1. WESTERN MARYLAND business/observation car (no photo) built by Roland Klages @1936 or so along with several other WM passenger cars while he was recovering from an operation. Roland was the treasurer of the Baltimore Society of Model Engineers for many years and after giving the treasurer's position joined the WB&A Tractioneers. I knew him from both places and got the car from his estate. My only regret now is that I did not buy any of the distinctive WM coaches and I have absolutely no idea what happened to them.

2. Three scratch-built brass B&O gondolas (two O-58 as shown and one O-60 65' mill gon) built by Tommy Arnold in1939, they are hand-lettered; note that the B&O classed these TOFC cars as gondolas because they had sides:

100_4934IMG_1573IMG_1572

IMG_1575

 

This one (no photo) is not from a friend but I have a four-bay VIRGINIAN hopper that has (I left it in the car, hidden by a coal load) a tag the states that it was from Ellison's "Delta lines $125.00". I fished it out of the 'bay for around $20.00 only because I wanted a different VGN hopper to go with my Weaver two-bay. Hopefully when 3rd Rail's VGN "battleship" gon gets here, I will have another different VGN hopper.

 

 

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Last edited by PRRMP54

Just the ones that came from my father and grandfather so I can pass them on to my children. That's the only provenance that matters to me.

I don't believe in celebrity worship so no I don't collect or care who owned the trains before I did. 

Dave

Nope, 'cause all of the trains I have bought from other hobbyist were all poor and humble folk.

I do know the previous owner of a number of my items, mostly train friends, some of who are no longer with us. Means a lot to me. As I collect some modern era standard gauge, most of these were made in smaller quantities, so it's fun to know something about these builders and the trains they made.

 

Jim

I know where/who I bought from and I know where/who I sold to; after that I don't care.

I do find it amusing when I later see my name attached to items for sale....

When I was buying trains from individuals, I did promise on 3 occasions to keep their trains in my collection.   That was the Bergen,  Wall, and Reed collections.   I quickly learned not to make promises like that.  They were mostly gorgeous prewar trains.  I still have them but have never ran them.

I doubt anyone recognizes those names, but I still have a vivid memory of those transactions. 

Only if there is an interesting story, and mostly for the story's sake. Like Ives 1122 and Jim Waterman, I also try for pieces from my collector friends/acquaintances and mainly to remember them and their collections and stories. And to have some kick butt trains to run.  I also agree with NWL...sometime all you can afford is the nasty stuff.... but, now and again you get a cream puff.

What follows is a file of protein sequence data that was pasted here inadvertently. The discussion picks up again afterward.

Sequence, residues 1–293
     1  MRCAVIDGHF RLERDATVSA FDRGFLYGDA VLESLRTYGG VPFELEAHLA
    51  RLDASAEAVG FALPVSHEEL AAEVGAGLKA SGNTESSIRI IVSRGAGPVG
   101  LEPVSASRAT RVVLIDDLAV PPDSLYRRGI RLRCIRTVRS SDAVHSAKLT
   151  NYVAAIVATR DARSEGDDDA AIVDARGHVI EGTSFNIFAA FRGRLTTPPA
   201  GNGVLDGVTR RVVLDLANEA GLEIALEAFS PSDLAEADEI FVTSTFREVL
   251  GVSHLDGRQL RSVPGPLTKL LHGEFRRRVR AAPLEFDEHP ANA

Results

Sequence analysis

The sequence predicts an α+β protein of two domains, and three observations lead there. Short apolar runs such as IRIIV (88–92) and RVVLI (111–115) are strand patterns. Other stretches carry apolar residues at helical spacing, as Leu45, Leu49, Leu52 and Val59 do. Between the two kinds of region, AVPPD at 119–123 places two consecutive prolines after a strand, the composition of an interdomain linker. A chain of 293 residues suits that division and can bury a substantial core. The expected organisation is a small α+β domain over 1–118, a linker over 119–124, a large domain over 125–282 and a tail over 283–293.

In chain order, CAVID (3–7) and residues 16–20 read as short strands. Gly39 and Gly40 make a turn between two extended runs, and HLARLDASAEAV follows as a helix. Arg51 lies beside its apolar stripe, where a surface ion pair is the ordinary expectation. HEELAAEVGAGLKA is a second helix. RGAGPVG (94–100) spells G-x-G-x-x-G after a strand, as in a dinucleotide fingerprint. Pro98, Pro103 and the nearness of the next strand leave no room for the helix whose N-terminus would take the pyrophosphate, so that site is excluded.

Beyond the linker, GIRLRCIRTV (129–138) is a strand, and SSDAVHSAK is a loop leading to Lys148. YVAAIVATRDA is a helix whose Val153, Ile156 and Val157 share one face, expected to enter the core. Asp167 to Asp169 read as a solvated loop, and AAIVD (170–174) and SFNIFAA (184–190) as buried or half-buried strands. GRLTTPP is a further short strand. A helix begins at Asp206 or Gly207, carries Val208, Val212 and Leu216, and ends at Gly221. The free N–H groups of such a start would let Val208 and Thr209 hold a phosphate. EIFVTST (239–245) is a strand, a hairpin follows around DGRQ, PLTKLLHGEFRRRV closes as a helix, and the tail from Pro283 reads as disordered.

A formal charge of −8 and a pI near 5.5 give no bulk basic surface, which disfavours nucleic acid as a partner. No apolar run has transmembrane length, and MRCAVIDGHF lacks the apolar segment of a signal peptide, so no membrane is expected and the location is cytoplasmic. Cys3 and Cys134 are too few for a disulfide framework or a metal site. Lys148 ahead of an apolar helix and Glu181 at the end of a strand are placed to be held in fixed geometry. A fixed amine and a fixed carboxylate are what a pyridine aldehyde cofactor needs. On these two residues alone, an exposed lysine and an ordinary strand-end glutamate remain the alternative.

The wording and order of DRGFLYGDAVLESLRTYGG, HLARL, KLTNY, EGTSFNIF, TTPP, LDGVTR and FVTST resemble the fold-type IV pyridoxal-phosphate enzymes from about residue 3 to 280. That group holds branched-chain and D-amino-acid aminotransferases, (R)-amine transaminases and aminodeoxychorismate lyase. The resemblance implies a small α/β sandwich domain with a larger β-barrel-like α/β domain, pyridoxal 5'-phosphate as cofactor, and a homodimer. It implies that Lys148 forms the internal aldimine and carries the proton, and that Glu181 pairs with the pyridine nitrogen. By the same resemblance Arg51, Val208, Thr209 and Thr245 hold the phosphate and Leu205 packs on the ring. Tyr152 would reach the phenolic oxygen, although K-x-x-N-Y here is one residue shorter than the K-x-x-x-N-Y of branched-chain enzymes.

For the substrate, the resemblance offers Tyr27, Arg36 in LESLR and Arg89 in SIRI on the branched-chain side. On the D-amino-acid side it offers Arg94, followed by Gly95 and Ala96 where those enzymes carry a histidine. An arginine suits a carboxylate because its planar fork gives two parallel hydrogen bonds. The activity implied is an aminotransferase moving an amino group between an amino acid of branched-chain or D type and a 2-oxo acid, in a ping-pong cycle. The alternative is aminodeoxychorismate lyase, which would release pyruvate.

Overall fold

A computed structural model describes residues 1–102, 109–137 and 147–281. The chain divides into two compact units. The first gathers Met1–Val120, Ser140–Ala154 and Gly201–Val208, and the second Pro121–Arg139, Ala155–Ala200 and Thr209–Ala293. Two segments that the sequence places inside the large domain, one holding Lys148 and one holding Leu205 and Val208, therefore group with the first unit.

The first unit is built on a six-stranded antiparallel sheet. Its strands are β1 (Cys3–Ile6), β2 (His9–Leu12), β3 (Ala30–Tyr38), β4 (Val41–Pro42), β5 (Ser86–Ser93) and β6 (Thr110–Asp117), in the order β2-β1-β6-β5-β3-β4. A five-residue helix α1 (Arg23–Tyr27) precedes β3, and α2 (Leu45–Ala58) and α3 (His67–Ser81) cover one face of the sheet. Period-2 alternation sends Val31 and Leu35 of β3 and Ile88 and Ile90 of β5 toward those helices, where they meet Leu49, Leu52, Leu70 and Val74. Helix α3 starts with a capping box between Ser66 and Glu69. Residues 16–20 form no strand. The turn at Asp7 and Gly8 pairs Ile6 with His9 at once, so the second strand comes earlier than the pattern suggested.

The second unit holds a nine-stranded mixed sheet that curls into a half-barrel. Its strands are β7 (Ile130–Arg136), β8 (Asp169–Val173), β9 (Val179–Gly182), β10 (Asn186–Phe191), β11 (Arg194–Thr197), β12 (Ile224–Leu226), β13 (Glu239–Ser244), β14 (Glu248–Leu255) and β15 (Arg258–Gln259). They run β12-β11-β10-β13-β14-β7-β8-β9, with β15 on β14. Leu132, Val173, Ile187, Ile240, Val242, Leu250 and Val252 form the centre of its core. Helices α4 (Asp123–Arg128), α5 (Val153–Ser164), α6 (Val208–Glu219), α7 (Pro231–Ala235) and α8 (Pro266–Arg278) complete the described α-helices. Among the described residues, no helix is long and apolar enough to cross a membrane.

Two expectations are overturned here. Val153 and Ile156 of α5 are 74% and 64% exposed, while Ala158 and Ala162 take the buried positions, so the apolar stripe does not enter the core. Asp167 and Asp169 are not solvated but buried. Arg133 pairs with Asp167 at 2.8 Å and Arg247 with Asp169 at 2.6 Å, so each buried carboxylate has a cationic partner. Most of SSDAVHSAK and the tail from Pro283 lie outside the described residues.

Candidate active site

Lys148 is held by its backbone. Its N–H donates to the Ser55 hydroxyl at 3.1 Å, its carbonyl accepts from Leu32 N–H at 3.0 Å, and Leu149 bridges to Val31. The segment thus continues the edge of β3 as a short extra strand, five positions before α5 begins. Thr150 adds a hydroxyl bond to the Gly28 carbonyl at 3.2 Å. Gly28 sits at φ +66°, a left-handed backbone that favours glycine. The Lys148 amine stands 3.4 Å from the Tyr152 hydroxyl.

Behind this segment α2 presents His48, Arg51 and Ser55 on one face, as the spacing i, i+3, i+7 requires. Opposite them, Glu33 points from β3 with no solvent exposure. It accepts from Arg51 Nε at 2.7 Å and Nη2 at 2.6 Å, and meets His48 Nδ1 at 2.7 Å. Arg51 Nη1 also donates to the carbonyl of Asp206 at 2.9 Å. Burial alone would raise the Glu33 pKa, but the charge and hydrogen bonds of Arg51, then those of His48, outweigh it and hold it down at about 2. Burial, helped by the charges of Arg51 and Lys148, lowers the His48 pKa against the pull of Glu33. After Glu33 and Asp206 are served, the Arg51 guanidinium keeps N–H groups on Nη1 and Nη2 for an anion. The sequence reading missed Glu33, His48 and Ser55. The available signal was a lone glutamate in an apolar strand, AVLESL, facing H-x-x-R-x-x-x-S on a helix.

I do, in my IPAD/IPhone Notes

Numbered from oldest to newsist, name of manufacturer, engine type, where and when purchased, notes on maintenance and repairs, and price paid.

Has been useful.

Last edited by Craignor

Had a Lionel ABA set of f3's customized by Bob Milli...wish I still had them,Bob passed away last year age 86...As you may or not know Bob was an actor in movies and TV...Had the pleasure to speak to him and tell him I had the f3's...He told me he would work on trains when he was on the road and had spare time.....CTT did a story on Bob July 1998...he will be missed...

George S posted:

A couple of years ago, I started buying items at Stout Auctions. Several of the auctions were of collections of TCA members, and Stout publicized the name and TCA number of the member. I have kept track of this information for the items I purchased. Prior to that, I had purchased an item on eBay that came from Richard Kughn's CarRail collection. This item came with a certificate from that auction. I tried to purchase the Santhion Casino from the Louis Rose Collection earlier this year, but it went for more than twice what I set as a limit for the item. I knew that that item had been part of Dimitri Economides' collection that was featured in Tinplate Legends in Action 4. The collection also had a stunning Santhion Market that went for a much more affordable price before the Casino. It still hurts that I missed out on that item, because I was keeping my powder dry for the Casino.

Some famous collections have been sold in the past, such as Ward Kimball's collection and the Jerni collection of Jerry and Nina Greene. How many of you keep track of the ownership history of their trains?

George

BTW - I went a little overboard in the Stout auction today. I should have some nice things to share in a few weeks.

Easy to keep track for me.  They are all mine.  Only purchased NIB from the secondary market.  I do have the old Lionel GP-9 UP (NIB) set with the Ore cars and extra engines.  Mine came out of and are still labeled from Mr. Kuhn in Detroit.  They are under the layout because of Magnetraction issues on my Atlas track, and I do not run conventional.

George S posted:

Dimitri Economides' collection that was featured in Tinplate Legends in Action 4. The collection also had a stunning Santhion Market that went for a much more affordable price before the Casino. It still hurts that I missed out on that item, because I was keeping my powder dry for the Casino.

 

That epsiode was aired again tonight.  Did the Dimitri Economides collection get auctioned off?  There was a lot of cool stuff.

The collection inventory software I use has an entry for whomever I obtained the piece from. Long ago, I used to lightly write in pencil, the name of the dealer I purchased an item from, plus the price paid and venue, on one of the box flaps. I don't think I've run across any of those in the current inventory effort (itself just reaching 480 pieces), although it may be that I wasn't recording that info and the pieces are in the database as placeholder entries copied from very incomplete paper records awaiting more complete info. Here and there I have pieces purchased from private collectors, and that info will be entered as the source. 

I did recently run across an email exchange from the early 2000s (I have archives going back to 1997) detailing my purchase of a K-Line clear-shell MP-15 from our very own Alan Miller (paid via money order, which the USPS took on the scenic route before getting it to him) . So now I have the info on that piece when it gets inventoried